A little something about GCC and Zig optimisation approaches

Just a little thing I found playing with godbolt - their MaxArray C example:

void maxArray(double* x, double* y) {
    int i;

    for (i = 0; i < 65536; i++) {
        if (y[i] > x[i])
            x[i] = y[i];
    }
}

Compiles to the following with x86-64 gcc 13.1 using -O2 flag:

maxArray:
        xor     eax, eax
.L4:
        movsd   xmm0, QWORD PTR [rsi+rax]
        comisd  xmm0, QWORD PTR [rdi+rax]
        jbe     .L2
        movsd   QWORD PTR [rdi+rax], xmm0
.L2:
        add     rax, 8
        cmp     rax, 524288
        jne     .L4
        ret

Notice how rax, which is used to index the arrays, goes from 0 to 524288 in increments of 8. 524288 is 65536 * 8, and 8 is sizeof double. So this makes sense, since i is not used for any other purpose in the for loop.

I have decided to try to reproduce this result in Zig as closely as possible. Here’s my code:

export fn maxArray(x: [*]f64, y: [*]f64) void
{
    for (0..65536) |i|
    {
        if (y[i] > x[i])
            x[i] = y[i];
    }
}

Not very ‘ziggy’, I agree - it’s a verbatim reproduction of C code. But look at the compilation results (zig trunk with -O ReleaseSmall, as -O ReleaseFast produces a huge number of CPU instructions, probably doing some kind of partial loop unrolling?):

maxArray:
        xor     eax, eax
.LBB0_1:
        cmp     rax, 65536
        je      .LBB0_5
        vmovsd  xmm0, qword ptr [rsi + 8*rax]
        vucomisd        xmm0, qword ptr [rdi + 8*rax]
        jbe     .LBB0_4
        vmovsd  qword ptr [rdi + 8*rax], xmm0
.LBB0_4:
        inc     rax
        jmp     .LBB0_1
.LBB0_5:
        ret

As you can see, rax goes to 65536, just like i in the source code, and its value is multiplied by 8 in vmovsd and vucomisd instructions.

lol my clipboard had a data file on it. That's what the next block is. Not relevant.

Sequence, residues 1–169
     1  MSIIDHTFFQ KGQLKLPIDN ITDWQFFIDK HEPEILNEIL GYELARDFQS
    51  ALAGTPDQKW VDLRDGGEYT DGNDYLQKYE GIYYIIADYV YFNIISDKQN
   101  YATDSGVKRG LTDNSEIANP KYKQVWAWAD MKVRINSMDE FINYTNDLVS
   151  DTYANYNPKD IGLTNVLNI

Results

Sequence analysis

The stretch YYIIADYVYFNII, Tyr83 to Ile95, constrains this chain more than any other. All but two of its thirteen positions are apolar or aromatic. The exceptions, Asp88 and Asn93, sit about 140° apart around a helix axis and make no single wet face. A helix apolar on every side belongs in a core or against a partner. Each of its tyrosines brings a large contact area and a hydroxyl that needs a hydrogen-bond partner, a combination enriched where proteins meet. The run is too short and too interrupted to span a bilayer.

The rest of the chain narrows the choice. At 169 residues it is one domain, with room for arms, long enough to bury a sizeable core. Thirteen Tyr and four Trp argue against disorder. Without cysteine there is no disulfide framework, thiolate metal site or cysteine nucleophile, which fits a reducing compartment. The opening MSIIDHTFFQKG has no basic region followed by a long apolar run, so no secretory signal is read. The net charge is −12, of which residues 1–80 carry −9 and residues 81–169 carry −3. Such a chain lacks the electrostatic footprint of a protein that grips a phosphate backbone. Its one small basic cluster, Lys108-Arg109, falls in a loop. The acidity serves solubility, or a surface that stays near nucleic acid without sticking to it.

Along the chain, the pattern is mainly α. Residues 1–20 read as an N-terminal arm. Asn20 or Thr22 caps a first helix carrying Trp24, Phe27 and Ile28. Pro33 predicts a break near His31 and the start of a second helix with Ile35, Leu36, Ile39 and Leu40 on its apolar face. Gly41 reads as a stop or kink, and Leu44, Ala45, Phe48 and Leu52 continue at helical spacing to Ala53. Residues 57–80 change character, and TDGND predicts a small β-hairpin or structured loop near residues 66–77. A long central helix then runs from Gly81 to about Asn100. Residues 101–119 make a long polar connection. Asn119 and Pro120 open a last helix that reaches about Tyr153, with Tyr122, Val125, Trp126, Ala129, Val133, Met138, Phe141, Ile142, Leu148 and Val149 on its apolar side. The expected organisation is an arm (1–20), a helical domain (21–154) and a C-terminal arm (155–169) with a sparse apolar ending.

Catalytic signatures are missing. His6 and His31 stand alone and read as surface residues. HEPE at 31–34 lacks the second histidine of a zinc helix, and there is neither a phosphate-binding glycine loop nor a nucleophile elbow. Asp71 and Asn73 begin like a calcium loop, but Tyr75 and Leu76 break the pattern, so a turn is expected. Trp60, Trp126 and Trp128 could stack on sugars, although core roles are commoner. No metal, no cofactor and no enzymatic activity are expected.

Probably not a big deal (if anything at all), since multiplication by powers of 2 is just shift left, so perhaps this does not impact performance at all (?).

Still the way GCC does it in comparison to Zig caught my attention.

Also, I’m tempted to benchmark ReleaseSmall vs ReleaseFast - is the long version really faster?

1 Like

Note that this is not really a multiplication. Rather, x86 has addressing mode where stuff is multiplied by 8:

https://renenyffenegger.ch/notes/development/languages/assembler/x86/addressing-modes

I don’t know what would be the perf difference here though.

My gut feeling is that the primary job of a low-level compiler/programming language isn’t really to optimize anything you throw at it as hard as possible, but rather to provide tools and vocabulary for expressing optimizable code. In this sense, I’d be more interested to see if multi-for loops, alignment annotations, and vectors can force the compiler to emit proper SIMD here.

One thing I like about Zig is that, rather than having to extract a well-aligned subslice for SIMD, it can just require the caller to pass in aligned data, where the alignment requirenment naturally propagates recursively up to the point where you allocate stuff.

This is multiplication, in the sense that “multipication happens”.
Not a separate, distinct opcode, e.g. mul or shl, but CPU still has to do it.

It could be ‘free’, from performance standpoint - e.g. there’s dedicated circuitry to do this multiplication (and thus implement this addressing mode) at a certain pipeline stage, anyway, and there’s no penalty. I don’t know that, just speculating. Maybe not in every CPU though.

So if you can avoid it (just by incrementing rax by 8 instead of 1), I see no reason not to.

Update: funny thing, I have played with the code a bit, and Zig gave me the same exact add rax, 8 / cmp rax, 524288 behavior.
I guess the reason is that now compiler wanted to use that “free multiplication” to implement j (which is just i * 2):

export fn maxArray(x: [*]f64, y: [*]f64) void
{
    for (0..65536) |i|
    {
        const j = i * 2;
        if (y[i] > x[j])
            x[j] = y[i];
    }
}
maxArray:
        xor     eax, eax
.LBB0_1:
        cmp     rax, 524288
        je      .LBB0_5
        vmovsd  xmm0, qword ptr [rsi + rax]
        vucomisd        xmm0, qword ptr [rdi + 2*rax]
        jbe     .LBB0_4
        vmovsd  qword ptr [rdi + 2*rax], xmm0
.LBB0_4:
        add     rax, 8
        jmp     .LBB0_1
.LBB0_5:
        ret

Just to clarify - I’m not trying to claim anything, just pointing out (very minor) things I see and trying to make sense of them.
And, maybe, enjoying myself a bit too much.